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Walking to the path that led to the laboratories, the principal pointed to them, lamenting the fate that bedevilled them.
“This is the physics, chemistry, computer and biology laboratories. It is of no use to our students again.
“It has been constructed since 2005; up till now, we are still in the process of seeing the places renovated,” said the vice principal.
Government Girls Science Comprehensive Secondary School, situated in Argungu along Birnin Kebbi road, Kebbi North Senatorial District, established in 2005 and commissioned by former president Olusegun Obasanjo in 2006, was one of the schools in Argungu that Global Academic said were experiencing setback in the recent years due to lack of facilities and underfunding as seen in their 2022 research titled: ”The Role of School Facilities and Staff in Enhancing Academic Performance of Secondary School Students in Birnin-Kebbi and Argungu Zonal Education Areas of Kebbi State, Nigeria.”
To bring an end to some of the educational challenges in the school, the lawmaker representing the constituency, Yahaya Abubakar, in 2020 nominated a consolidated project for the Rehabilitation, Furnishing and Supply of Biology, Physics and Chemistry laboratories with the hope that it will aid the school and give access to good education.
Three years down the line, the project appears abandoned.
According to the 2020 Kebbi State Zonal Intervention Project, the federal government budgeted N80 million for a project titled “Rehabilitation, Furnishing and Supply of Biology, Physics and Chemistry laboratories at Government Girls Science Comprehensive Secondary School Argungu LGA, Kebbi North Senatorial District.”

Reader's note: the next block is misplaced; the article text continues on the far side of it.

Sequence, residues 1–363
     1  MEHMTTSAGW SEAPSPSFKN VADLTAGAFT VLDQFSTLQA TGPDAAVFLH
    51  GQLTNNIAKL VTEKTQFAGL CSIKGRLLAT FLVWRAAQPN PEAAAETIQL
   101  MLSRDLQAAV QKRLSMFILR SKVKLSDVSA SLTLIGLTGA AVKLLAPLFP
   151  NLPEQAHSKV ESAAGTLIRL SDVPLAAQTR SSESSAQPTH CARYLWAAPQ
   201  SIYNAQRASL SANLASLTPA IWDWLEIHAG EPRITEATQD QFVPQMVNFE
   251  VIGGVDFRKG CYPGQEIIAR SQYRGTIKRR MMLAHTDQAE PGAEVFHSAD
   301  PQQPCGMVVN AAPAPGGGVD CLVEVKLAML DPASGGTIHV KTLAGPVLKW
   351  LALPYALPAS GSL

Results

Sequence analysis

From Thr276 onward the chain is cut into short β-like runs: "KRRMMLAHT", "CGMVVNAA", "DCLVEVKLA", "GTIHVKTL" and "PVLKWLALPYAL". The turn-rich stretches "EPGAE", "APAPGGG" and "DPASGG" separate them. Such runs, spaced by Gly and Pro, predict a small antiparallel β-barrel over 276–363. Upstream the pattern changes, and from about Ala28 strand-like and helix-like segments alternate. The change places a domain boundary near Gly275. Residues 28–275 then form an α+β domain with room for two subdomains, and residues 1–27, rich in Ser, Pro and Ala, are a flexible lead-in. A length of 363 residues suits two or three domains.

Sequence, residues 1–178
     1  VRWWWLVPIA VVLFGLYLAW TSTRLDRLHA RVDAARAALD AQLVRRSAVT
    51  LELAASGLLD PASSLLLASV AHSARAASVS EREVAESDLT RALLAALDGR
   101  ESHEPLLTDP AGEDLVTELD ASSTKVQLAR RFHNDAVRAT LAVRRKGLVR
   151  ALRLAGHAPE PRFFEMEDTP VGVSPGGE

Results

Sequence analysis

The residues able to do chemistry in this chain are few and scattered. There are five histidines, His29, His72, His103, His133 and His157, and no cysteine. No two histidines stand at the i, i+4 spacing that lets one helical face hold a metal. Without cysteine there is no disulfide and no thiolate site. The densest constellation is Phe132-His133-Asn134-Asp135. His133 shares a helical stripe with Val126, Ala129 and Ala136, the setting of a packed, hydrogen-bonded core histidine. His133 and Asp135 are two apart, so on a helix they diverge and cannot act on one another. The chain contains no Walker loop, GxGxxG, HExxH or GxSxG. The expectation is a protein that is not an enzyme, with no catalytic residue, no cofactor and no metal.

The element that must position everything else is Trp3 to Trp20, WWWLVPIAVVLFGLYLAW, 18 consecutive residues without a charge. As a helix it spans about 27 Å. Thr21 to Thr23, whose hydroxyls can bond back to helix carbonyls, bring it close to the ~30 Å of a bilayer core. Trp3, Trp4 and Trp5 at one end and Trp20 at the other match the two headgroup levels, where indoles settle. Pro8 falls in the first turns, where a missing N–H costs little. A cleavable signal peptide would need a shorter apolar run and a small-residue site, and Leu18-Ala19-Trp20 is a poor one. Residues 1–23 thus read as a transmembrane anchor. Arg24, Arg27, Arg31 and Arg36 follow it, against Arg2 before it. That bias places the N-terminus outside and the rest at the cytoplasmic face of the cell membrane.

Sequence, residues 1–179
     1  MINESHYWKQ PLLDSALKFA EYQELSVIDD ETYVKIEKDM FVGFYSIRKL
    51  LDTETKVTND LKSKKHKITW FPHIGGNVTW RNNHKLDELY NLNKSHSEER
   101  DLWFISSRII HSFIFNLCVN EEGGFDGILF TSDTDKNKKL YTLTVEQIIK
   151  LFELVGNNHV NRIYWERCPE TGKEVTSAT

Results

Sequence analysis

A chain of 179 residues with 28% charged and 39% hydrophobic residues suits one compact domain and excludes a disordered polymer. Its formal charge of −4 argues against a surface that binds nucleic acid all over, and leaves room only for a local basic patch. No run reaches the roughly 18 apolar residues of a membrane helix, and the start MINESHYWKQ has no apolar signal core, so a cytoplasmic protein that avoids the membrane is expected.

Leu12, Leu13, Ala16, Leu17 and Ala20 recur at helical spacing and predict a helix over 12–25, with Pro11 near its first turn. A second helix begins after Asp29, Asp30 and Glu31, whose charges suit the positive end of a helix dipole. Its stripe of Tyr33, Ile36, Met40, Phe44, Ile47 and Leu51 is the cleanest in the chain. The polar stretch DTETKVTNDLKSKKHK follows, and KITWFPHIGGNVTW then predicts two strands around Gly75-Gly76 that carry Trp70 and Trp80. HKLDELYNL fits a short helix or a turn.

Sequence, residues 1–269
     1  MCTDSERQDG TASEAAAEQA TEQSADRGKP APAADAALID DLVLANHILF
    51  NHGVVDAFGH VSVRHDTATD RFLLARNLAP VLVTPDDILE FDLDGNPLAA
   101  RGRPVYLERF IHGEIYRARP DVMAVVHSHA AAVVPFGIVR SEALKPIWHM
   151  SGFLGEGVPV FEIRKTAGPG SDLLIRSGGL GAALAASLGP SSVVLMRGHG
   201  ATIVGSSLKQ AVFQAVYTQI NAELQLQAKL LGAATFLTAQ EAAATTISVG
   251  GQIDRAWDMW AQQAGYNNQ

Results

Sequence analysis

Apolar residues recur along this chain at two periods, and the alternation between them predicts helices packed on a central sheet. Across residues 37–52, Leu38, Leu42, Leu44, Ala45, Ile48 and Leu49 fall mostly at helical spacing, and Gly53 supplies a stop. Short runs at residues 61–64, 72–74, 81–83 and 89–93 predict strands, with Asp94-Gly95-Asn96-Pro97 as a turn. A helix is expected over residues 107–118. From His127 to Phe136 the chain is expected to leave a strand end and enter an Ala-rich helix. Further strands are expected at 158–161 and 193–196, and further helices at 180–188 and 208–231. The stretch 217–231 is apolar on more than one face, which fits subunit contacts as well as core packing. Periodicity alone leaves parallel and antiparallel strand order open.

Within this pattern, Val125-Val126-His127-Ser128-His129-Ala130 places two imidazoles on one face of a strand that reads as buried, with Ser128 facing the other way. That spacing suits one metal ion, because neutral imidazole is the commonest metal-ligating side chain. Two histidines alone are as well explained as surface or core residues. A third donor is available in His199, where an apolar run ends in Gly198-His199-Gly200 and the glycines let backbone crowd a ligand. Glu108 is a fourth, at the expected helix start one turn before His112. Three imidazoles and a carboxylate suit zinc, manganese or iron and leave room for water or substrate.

It was assigned to the Ministry of Education and placed under the supervision of UBEC. The project was sponsored by Yahaya Abubakar, the constituency lawmaker.
UDEME, a platform monitoring government projects under the Centre for Journalism Innovation and Development, gathered that the 2020 project had yet to be executed by the Agency.
It is not clear if the approved funds were fully released by the authorities.
Speaking with UDEME, the Vice Principal, Mr Musa, said he was not happy with the state of the laboratories and is awaiting government intervention. “In fact, not until now, I was not aware that N80 million was budgeted for our laboratories,” he added.
The dire need for suitable facilities in the school mirrored the comment of Habiba Yusuf, 18. The Senior Prefect who said “students don’t even know how to use the lab”.
“Our laboratories are not conducive for learning because we don’t have good seats and enough equipment to use,” she said. “We will be happy if we get somebody to do it for us. The situation of the laboratories is affecting us; even if we are given assignments, we don’t know how to go about it.”
A Freedom of Information (FOI) request was sent to UBEC in Abuja, on the 18th of October seeking comments. The Agency has yet to respond to the information requested as at the time this report was filed.
This violates the provision of section 4 (a) and (b) of the Act which provides that the information requested should be responded to within seven days and if the institution should deny the request, a written notice shall be addressed to the applicant.
Also, after trying several means to reach out to the lawmaker representing the constituency, the reporter sent an email to him.
However, as of the time of filing this report, the lawmaker has yet to react to the email sent as regards the situation.
By Hussain Wahab
This report was produced under the UDEME project of the Centre for Journalism Innovation and Development (CJID).